So the three put together a curriculum that would at once be meaningful to C-level executives yet manageable as a short program for business leaders with limited time. Furse summarizes, “We interviewed CEOs who are Owen alumni to get their sense of what tasks take the largest amount of their time and where the needs are.”

And they began testing approaches on their own MBA students—an experience that, as Furse discovered, accentuated the need for training geared specifically to a CEO’s responsibilities. “I was teaching a strategy projects class,” he recalls, “and students kept asking ‘What strategy can we recommend that will make the client happy?’ I had to tell them, ‘No, no, no! If you want to develop strategy, you have to think like the CEO!’”

That bit of coaching gave its name to the two-day program, Thinking Like a CEO, that Professors Burcham, Furse and Pace began jointly teaching spring 2008. In that relatively brief time, about 50 executives have completed the course.

“There are a lot of leadership programs out there,” Furse says. “But we hadn’t really seen any that are structured quite like ours.”

The professors have distilled their years of experience and insights into a compact, fast-moving program. “We focus on what is (and isn’t) in the CEO’s job description,” says Furse. “There are just three things: (1) crafting strategy; (2) building an organization that can execute the strategy; and (3) enlisting the board and other stakeholders to support it. If you’re not spending at least 75 percent of your time on these tasks, you need to reevaluate what you’re doing.”

The professors also examine what they have identified as five essential skills that set successful CEOs apart from the rest:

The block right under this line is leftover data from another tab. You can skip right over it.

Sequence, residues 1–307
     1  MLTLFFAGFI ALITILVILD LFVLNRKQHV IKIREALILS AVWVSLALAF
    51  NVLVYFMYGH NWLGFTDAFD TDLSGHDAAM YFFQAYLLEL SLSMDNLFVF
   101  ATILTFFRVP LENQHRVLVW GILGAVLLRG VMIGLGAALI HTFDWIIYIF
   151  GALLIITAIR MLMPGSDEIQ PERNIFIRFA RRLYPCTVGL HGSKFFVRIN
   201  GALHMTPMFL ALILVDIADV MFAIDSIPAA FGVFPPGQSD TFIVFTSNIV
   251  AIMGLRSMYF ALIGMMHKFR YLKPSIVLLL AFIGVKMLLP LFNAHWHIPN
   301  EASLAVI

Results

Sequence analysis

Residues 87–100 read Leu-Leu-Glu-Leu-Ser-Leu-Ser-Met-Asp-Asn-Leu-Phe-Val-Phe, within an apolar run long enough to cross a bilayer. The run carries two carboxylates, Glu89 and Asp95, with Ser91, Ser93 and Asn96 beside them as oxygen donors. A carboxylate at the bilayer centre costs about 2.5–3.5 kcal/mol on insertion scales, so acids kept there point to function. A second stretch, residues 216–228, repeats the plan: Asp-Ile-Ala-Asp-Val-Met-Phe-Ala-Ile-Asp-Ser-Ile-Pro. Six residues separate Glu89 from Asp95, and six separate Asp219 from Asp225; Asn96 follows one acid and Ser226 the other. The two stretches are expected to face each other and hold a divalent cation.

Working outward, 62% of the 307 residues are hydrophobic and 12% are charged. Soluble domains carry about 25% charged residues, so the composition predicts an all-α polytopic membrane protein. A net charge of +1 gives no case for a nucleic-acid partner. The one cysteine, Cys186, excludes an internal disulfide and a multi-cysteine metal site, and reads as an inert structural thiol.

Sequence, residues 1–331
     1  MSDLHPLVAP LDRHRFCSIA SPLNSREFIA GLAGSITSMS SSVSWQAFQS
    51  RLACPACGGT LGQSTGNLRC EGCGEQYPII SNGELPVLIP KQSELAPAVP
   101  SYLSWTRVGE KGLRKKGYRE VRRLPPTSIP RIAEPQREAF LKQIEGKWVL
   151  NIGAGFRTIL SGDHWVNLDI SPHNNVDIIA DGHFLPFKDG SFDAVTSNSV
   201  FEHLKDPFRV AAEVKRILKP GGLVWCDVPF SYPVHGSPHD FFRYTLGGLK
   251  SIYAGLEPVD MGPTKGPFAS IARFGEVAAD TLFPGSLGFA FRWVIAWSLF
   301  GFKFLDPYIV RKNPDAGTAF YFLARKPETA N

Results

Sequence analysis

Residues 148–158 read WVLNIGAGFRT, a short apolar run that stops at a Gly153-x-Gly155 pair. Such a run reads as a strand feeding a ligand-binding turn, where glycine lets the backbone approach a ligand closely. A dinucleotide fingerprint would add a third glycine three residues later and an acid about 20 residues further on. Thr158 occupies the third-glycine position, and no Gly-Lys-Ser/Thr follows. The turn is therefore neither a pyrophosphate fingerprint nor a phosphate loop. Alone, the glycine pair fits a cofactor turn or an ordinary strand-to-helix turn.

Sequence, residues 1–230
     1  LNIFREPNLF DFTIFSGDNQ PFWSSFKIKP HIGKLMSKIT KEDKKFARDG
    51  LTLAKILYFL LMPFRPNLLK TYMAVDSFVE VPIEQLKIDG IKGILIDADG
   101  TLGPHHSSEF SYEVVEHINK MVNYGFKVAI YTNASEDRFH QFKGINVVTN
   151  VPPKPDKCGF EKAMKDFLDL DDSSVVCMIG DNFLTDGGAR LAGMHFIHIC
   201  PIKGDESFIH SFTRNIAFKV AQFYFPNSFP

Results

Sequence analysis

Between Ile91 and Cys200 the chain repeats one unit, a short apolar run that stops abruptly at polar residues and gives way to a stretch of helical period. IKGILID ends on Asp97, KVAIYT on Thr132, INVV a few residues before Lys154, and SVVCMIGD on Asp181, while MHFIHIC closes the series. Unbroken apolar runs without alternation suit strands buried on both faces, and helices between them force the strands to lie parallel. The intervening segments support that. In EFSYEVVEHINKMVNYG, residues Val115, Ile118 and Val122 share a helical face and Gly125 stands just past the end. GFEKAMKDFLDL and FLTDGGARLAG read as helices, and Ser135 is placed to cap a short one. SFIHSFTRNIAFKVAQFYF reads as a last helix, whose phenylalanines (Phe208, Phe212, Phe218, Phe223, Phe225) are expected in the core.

1. Motivating others and creating a shared vision for the company
  2. Bringing insights to guide problem solving and prioritizing
  3. Developing essential strengths in themselves and others
  4. Communicating (especially active listening)
  5. Projecting “A.U.R.A.”—a sort of “it” factor that combines authenticity, uniqueness, reality and authority, which is much more than charisma
The opportunity for CEOs to discuss actual challenges, dilemmas and difficult decisions, the professors find, has been one of the strongest sources of positive feedback from CEOs, who often feel not just lonely at the top but unsure of where to turn when they need advice.

According to Pace, CEOs feel isolated because it’s difficult to find honest sources of feedback and counsel. Even the nation’s top “CEO,” the president of the United States, has a select group of close advisors in whom he can confide. But corporate CEOs may risk appearing weak and indecisive if they share their struggles with their boards or with senior managers. Pace recommends that CEOs recruit their own informal advisors whom they trust for honest feedback.

“For CEOs, our course offers a safe environment where they can express things they worry about, peer to peer,” Burcham explains. “It’s one of the few places they can feel safe in opening up and being a little vulnerable. It creates new opportunities for learning.

“That opportunity meets a real business need. Back in their companies, CEOs generally don’t have anybody to bounce things off of. But when they talk about their challenges with their peers in a classroom, they may hear six or seven different ideas that could work. That is really empowering.”

It’s a common and dangerous misperception, the professors point out, that good CEOs don’t make mistakes—a misperception sometimes fueled by well-publicized examples of celebrity CEOs (think Jack Welch of GE) who seem to have a Midas touch. That erroneous view, in turn, places added pressure on CEOs who think they must “be like Jack” or another role model CEO and are frustrated when they fall short. “Successful CEOs must be themselves,” advises Pace.

“The world thinks CEOs have to be superheroes,” Burcham says. “But you’re going to make mistakes. Fortunately, I made more good decisions than bad over the years. But I could fill novels with the stupid stuff I did as a CEO. David and I realized that some of the most powerful learning opportunities come from relating our own struggles. Understanding their mistakes helps young CEOs get better.”

Adds Furse: “If you don’t make mistakes as a CEO, it means you’re probably just sitting on your hands.” And that, of course, is also a big mistake.
Published Apr 1, 2009 in Vanderbilt Business Intelligence
Contact: vbintelligence@owen.vanderbilt.edu
Copyright 2009 Vanderbilt Owen Graduate School of Management